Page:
How to Get Free Shipping Supplies

Carefully packaging every item you ship is critical. No one wants to receive a damaged or poorly wrapped item. But proper packaging often isn’t cheap – it can cost up to $5-$10 per package when you total up the cost of boxes, bubble wrap and packing peanuts. Luckily, there are ways to pack cost-effectively yet still ensure that send safe, secure packages.

1.  Go to the Shippers for Free Shipping Supplies

  • The US Postal Service provides free boxes, envelopes and labels for Priority Mail which you can pick up at your local post office or have delivered to you free-of-charge. (To place an order, go to:   (You can also order Express and Global Mail supplies and forms here.) One caveat— you can only use these boxes for shipping via USPS. You can't cover up the logo or turn them inside out and send them through another carrier or use them to ship via USPS Parcel Post.
  • FedEx and UPS also offer a very limited selection of free boxes and envelopes. Pick them up at your local FedEx or UPS store or order them through the web: and

2. Recycle

    Save packing peanuts from packages you receive in a large garbage bag — before long you’ll have an ample supply. Save “un-popped” bubble wrap, blocks of foam padding, and clean tissue paper (not newspaper). Don’t reuse these materials if they have an odor, since it might transfer to the contents of the package. Remember that your most important shipping goal is to deliver purchased items safely and securely in the best condition possible. While you shouldn’t reuse boxes in general, you may want to use old boxes occasionally for internal support if you have to double-box a delicate item. Just make sure they’re in good shape with no external damage.

    3. Check Bulletin Boards and Online Resources

    Check local bulletin boards and online resources for people giving away packaging supplies — you can also post a "peanuts and bubble wrap wanted" ad. Try craigslist and freecycle online, and physical bulletin boards at your workplace as well as local schools, churches, laundromats and community centers. Offices are another good place to find free materials— ask the office manager or receiving department if you can have their used peanuts, bubble wrap, or foam packing materials. Shredded paper can be used to cushion items. Make sure the paper pieces are long enough to be "springy" otherwise they won’t offer much protection. Do NOT use shredded newspaper or personal documents as cushioning material!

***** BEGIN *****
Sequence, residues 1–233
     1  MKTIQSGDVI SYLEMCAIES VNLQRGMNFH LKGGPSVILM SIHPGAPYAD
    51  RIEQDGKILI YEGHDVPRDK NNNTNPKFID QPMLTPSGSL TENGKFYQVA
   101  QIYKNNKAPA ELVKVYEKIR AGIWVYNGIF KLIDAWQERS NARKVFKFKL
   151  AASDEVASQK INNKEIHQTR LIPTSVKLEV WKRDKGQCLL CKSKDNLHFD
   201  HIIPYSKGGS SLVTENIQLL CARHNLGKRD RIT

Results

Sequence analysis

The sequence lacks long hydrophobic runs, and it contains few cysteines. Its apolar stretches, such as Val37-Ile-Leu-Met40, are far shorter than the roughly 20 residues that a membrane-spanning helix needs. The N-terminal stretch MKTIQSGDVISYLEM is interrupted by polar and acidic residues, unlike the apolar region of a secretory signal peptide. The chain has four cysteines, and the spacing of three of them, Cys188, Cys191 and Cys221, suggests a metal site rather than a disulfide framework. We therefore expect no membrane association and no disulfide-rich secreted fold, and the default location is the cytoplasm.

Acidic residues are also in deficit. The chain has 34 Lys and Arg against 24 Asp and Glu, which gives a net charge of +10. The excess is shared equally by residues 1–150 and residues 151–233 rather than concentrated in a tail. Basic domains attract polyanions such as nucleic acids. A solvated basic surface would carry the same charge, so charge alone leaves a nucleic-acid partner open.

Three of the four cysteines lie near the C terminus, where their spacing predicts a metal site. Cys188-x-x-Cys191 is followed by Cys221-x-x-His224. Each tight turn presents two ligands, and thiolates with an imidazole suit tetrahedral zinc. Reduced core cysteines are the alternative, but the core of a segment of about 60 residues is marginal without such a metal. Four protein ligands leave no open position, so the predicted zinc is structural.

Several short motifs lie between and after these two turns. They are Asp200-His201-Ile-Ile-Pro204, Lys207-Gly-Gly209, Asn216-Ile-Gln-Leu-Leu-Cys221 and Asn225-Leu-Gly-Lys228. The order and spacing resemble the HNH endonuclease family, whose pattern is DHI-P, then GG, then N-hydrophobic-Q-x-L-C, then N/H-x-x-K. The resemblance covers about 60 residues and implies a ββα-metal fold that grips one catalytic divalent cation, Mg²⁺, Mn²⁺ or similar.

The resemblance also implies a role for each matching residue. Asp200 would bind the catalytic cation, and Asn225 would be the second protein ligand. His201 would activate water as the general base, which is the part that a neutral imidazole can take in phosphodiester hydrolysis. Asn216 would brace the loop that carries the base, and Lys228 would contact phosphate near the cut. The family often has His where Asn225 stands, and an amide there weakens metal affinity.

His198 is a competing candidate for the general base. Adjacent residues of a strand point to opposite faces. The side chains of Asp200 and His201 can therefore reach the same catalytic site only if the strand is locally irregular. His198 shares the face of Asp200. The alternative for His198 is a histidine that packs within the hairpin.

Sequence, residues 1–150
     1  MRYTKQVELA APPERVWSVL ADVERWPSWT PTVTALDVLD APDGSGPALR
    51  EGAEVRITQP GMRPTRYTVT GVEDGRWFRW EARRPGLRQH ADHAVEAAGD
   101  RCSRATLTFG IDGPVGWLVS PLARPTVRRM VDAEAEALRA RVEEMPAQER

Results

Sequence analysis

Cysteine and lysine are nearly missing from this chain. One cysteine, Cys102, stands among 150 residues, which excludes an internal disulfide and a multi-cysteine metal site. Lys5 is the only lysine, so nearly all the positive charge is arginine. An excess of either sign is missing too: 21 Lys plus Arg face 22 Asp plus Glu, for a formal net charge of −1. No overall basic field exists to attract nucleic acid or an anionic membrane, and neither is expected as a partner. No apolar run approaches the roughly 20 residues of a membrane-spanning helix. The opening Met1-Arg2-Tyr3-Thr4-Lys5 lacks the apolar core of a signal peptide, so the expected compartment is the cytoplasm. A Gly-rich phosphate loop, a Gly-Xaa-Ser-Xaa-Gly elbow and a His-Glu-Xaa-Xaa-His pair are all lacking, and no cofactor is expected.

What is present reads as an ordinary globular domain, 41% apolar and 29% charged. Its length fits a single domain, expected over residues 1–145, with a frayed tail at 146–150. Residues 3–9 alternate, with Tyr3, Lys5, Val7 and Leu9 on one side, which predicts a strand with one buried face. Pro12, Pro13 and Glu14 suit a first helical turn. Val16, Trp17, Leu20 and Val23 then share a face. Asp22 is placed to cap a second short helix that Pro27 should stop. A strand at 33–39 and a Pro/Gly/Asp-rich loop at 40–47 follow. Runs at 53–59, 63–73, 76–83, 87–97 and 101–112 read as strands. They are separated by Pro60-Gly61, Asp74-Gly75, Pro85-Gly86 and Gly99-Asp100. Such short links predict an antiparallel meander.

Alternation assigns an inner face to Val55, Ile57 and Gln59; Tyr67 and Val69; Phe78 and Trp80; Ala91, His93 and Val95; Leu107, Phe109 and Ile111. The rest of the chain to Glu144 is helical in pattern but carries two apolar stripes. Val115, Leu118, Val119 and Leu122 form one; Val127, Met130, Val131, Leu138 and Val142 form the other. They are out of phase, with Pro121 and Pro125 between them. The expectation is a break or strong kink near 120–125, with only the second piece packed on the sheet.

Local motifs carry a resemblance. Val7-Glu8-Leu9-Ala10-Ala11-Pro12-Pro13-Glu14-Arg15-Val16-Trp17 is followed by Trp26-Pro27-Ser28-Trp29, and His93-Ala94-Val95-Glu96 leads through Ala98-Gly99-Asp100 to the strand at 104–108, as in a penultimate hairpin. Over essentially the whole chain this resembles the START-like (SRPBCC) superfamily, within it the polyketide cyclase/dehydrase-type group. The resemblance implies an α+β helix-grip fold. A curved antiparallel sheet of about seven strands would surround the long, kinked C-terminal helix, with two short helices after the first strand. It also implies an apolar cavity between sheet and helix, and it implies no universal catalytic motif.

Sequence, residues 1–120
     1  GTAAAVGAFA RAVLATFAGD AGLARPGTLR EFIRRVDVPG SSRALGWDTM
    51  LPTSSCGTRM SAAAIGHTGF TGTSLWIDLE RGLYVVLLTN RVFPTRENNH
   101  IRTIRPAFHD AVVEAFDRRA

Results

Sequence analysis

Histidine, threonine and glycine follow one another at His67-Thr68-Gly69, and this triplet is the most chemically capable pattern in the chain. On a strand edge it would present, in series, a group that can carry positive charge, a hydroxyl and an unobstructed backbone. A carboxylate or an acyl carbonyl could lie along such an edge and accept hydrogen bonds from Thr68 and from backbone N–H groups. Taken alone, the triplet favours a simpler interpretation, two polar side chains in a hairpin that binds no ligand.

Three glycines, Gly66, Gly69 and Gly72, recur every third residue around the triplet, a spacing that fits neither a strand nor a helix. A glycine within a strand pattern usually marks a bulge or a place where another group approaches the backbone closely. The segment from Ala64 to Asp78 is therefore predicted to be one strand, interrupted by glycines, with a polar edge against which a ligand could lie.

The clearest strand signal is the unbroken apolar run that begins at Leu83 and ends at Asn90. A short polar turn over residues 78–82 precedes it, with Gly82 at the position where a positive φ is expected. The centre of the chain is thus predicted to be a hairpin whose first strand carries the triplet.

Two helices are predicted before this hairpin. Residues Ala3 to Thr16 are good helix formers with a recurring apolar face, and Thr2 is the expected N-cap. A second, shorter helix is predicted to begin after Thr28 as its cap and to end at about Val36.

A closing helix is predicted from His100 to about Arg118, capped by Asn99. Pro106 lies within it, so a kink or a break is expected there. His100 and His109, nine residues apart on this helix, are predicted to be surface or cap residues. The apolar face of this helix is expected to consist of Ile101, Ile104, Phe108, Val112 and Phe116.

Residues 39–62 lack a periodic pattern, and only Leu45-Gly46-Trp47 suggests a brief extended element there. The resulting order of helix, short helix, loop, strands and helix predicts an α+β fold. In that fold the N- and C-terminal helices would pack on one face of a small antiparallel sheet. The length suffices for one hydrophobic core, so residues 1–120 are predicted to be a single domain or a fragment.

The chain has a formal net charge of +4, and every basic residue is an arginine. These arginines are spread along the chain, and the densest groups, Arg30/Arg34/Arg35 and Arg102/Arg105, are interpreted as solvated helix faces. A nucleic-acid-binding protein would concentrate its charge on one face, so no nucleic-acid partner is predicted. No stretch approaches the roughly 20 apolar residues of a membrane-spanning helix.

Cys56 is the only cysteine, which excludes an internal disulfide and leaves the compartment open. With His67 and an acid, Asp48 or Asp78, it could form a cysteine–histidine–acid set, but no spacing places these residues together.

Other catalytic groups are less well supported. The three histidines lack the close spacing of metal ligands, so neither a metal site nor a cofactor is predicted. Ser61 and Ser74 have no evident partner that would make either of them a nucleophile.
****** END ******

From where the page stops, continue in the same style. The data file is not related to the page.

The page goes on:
4. Get the Best Deal When You Have to Buy

    If you have to buy new shipping materials, shop around for the best deal. Ask about volume discounts and free shipping.

    Smaller online merchants may give you better deals — search for "shipping supplies" and compare prices. Large office supply chains sometimes run online specials too, so check their websites. Trusted and cost-effective online retailers include:

    Check local outlets by visiting The Yellow Pages or by searching Google Local. You can find gems like The Packaging Store featuring discount boxes and shipping supplies for people located in the San Francisco Bay Area.


    • Small, lightweight items like books and jewelry can be shipped in envelopes. If the envelope isn't padded, wrap the item in bubble wrap first. If you're using a paper envelope, place the item inside a sealed plastic bag first to protect it from rain and snow — Tyvek envelopes (the extra-strong material used in USPS Priority Mail envelopes) are waterproof so you can skip the plastic bag.
    • Proper cushioning will prevent damage if your package is dropped on the floor or if it slides around inside a delivery truck. Save money by first lining the box with tightly crumpled paper and/or shredded paper. Newspaper ink will stain, so if you use it, make sure that the item is wrapped or placed in protective casing and is not in direct contact with the newspaper.

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